Friday, February 1, 2008

Keep your Palm safe with Warden


By Heather Wardell

Like many people, I keep my entire life on my Palm. The information isn't particularly sensitive, unless the date of my last haircut counts as sensitive, but it is personal and I wouldn't want just anyone getting into it.

I did occasionally lock my older Palms using the built in security application, but I often forgot to do it, or found the "lock after so many minutes" annoying. When I switched to the Treo 680, I wondered if the smartphone functionality would somehow allow me to leave the unit unlocked, but still be able to lock it if it went missing. Warden, by CorSoft, promises to make this happen.

Installation and configuration

The install file walks you through the installation process, clearly explaining what it will do and why. The license code I was provided didn't work on my first attempt, but technical support replaced it within hours and the new one worked properly.

The software does require that you either allow it to register wirelessly over the Internet or type the code it provides into the Web site; I do not use wireless Internet with my Treo, so I used the Web site and everything worked fine.

The philosophy of Warden divides situations into two groups: local and remote. Local implies that you have the device in your possession. When under a local lock, the device still shows alerts from other applications, such as alarms and phone calls, and you can respond to those without unlocking.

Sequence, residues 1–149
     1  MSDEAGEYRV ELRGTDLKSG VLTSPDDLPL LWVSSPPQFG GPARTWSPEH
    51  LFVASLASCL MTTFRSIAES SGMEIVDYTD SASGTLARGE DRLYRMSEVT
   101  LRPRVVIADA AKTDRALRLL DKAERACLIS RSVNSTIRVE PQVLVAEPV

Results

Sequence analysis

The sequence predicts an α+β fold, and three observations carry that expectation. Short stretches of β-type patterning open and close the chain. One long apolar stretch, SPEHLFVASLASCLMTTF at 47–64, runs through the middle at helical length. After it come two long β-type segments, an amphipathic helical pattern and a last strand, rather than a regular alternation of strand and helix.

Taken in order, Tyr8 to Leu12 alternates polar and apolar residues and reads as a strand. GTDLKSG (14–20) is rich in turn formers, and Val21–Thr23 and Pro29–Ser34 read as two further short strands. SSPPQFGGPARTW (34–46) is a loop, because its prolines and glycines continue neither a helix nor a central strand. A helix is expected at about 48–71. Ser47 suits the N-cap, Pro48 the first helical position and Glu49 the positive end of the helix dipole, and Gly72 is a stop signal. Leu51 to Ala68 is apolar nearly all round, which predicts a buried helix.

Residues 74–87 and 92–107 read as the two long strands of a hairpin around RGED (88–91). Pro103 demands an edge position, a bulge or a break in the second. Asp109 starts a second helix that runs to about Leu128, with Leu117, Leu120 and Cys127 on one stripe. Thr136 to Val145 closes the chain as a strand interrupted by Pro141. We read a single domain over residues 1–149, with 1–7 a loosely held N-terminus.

The software can also be set up to lock the Treo automatically. As Figure A shows, several situations can trigger the automatic local lock, and each can be configured independently.


Warden's options are configurable and easy to use. (click for larger image)

If you've chosen to lock the Treo remotely, the software assumes, rightly in my opinion, that you're not in control of the device, and therefore by default doesn't show anything from other applications. You can configure the software to allow these alerts to appear, but it makes sense to me to keep them hidden; if someone else has my Treo, I don't want them answering my phone calls.

Locking: local and remote

The screen Warden presents when locked is different depending on whether the lock was initiated locally or remotely.

The left side of Figure B below shows the local lock; the right side shows the remote lock.


Warden's local and remote lock, giving different information to the Treo's finder. (click for larger image)

The screen color, and details presented on the screen, are all configurable. Clicking "call owner" or "call to return this device" causes the Treo to dial the first number in your business card record in your contacts.